Understanding heart artery disease
The definition of a significantly narrowed heart artery segment varies depending on the method of assessment used. Currently, CAG is the "gold standard" used for determination of a significant narrowed heart artery although it has several limitations.
The current data shows that FFR (functional significance) is a better determinant than CAG (two-dimensional arterial lumen assessment) when trying to determine which narrowed artery was significant and required stenting.
However, using functional significance by FFR has several limitations including being an invasive procedure, having added cost and a failure to recognise vulnerable plaques. Also, stenting based on FFR has been found to have a high adverse outcome rate during early follow-up (although less than CAG).
Stenting based on non-invasive CT assessment (three-dimensional heart artery evaluation) has been shown to be safe and feasible and is associated with an extremely low rate of adverse outcomes during early follow-up.
Are non-significant heart artery narrowings unimportant?
Current recommendations and appropriateness criteria for stenting-narrowed artery segments will include most with physically significant (greater than 70 per cent diameter narrowing) or functionally significant narrowing in a major heart artery.
However, we do not seem to have all the answers as many women with heart attacks do not have physically or functionally significant heart-artery narrowing. In addition, a large number of heart attacks that are due to "plaque rupture" occur in heart arteries that do not have physically or functionally significant heart artery narrowing.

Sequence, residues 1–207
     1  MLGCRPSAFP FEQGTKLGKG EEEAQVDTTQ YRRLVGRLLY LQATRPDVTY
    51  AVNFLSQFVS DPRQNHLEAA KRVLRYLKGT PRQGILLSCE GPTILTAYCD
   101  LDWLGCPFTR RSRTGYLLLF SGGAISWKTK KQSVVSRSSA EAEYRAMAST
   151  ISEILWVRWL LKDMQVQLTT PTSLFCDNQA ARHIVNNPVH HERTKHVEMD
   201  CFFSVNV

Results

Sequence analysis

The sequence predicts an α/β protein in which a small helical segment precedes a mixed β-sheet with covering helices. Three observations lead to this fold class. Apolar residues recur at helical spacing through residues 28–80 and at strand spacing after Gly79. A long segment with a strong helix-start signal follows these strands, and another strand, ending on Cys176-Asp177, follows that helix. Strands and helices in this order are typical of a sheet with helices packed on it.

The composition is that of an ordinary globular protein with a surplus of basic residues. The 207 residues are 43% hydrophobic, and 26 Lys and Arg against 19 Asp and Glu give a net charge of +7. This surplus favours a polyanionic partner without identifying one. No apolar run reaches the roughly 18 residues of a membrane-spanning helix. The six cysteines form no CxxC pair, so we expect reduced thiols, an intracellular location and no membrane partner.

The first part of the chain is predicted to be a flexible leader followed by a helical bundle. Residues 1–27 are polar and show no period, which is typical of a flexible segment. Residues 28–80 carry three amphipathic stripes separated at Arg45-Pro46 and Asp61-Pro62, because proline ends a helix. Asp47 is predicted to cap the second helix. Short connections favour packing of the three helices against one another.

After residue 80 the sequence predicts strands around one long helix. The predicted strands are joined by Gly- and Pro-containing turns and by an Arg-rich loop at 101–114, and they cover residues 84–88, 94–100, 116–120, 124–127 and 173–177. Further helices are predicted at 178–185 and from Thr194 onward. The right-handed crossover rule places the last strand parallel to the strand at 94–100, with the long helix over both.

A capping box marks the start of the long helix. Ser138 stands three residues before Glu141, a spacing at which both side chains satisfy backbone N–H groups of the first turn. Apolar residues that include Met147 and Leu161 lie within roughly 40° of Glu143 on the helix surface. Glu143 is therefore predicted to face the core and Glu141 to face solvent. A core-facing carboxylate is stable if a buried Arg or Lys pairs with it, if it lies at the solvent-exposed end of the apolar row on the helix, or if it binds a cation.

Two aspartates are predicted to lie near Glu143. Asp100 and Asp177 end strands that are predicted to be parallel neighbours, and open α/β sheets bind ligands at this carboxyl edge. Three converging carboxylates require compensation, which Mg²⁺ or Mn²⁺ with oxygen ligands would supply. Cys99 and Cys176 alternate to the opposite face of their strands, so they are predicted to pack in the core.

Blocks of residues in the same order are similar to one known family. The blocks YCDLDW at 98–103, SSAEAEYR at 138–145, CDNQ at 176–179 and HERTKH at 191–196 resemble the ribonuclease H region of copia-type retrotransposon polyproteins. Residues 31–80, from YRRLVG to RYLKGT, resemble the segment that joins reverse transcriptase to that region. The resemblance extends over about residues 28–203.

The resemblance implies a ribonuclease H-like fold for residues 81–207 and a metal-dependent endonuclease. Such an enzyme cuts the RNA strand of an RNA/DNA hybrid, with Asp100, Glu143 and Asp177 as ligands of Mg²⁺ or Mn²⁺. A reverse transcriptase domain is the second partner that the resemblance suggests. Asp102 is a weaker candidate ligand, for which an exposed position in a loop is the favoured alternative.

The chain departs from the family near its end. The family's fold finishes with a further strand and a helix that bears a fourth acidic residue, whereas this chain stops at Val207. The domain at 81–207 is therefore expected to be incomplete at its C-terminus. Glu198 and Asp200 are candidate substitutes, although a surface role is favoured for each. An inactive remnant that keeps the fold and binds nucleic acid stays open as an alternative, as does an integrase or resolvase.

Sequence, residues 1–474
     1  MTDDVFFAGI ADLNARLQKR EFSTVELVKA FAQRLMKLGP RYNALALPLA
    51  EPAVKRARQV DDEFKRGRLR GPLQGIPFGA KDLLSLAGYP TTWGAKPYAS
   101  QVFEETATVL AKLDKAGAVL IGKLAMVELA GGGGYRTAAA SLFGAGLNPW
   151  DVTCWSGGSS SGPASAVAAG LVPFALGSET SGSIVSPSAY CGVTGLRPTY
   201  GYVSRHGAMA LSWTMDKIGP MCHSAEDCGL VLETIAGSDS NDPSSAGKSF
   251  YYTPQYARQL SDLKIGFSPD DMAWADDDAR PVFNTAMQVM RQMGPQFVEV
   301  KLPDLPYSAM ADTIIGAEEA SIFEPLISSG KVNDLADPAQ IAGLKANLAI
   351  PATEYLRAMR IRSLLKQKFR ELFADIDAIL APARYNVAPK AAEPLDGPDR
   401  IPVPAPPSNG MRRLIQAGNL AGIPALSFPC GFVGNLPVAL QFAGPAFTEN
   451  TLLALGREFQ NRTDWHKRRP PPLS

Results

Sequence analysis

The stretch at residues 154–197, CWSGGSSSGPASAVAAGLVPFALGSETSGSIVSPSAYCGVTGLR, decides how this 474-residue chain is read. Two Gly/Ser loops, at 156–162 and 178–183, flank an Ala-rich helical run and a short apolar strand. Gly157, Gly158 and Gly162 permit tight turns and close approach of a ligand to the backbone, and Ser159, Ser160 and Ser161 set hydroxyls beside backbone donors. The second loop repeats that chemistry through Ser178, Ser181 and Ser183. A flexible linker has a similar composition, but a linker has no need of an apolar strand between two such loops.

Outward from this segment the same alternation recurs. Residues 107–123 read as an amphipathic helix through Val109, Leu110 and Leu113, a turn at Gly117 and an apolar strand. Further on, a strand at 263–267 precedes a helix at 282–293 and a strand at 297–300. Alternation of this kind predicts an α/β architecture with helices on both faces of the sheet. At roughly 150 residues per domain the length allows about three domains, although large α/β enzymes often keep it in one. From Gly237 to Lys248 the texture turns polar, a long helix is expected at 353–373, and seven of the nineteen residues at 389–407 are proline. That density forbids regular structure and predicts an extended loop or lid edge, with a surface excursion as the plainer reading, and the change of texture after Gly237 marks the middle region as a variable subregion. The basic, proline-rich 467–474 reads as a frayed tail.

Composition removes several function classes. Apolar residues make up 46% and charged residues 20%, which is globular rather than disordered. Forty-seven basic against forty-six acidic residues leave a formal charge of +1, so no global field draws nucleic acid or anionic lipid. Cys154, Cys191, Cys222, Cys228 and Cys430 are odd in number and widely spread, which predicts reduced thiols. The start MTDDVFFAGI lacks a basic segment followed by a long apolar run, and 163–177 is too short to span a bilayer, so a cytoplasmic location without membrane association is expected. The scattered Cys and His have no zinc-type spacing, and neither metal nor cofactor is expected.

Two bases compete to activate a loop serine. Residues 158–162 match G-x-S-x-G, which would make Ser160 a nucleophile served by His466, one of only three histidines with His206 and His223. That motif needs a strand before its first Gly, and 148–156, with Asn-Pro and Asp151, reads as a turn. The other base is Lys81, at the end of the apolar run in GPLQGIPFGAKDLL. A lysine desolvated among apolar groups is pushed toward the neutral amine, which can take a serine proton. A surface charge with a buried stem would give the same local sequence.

While we are getting better at determining those significantly narrowed arteries which will benefit from stents, we have yet to devise simple non-invasive ways to identify those who have non-significant narrowings in their heart arteries but are predisposed to a heart attack.
What is certain is that if all the risk factors for heart disease such as blood pressure, cholesterol levels, sugar levels and smoking are well-controlled, the risk of a heart attack will be extremely slim. Ultimately, prevention is better than cure and definitely less costly!
Dr Lim is a medical director at the Singapore Heart, Stroke & Cancer Centre. He is also editor-in-chief, Heart Asia (a journal of the British Medical Journal Publishing Group); chairman, scientific advisory board, Asia Pacific Heart Association; and honorary professor and senior medical adviser, Peking University Heart Centre.
To read more of Dr Lim's previous health-related articles, please visit: http://www.btinvest.com.sg/specials/ shscc
This article was published on April 5 in The Business Times.Get The Business Times for more stories.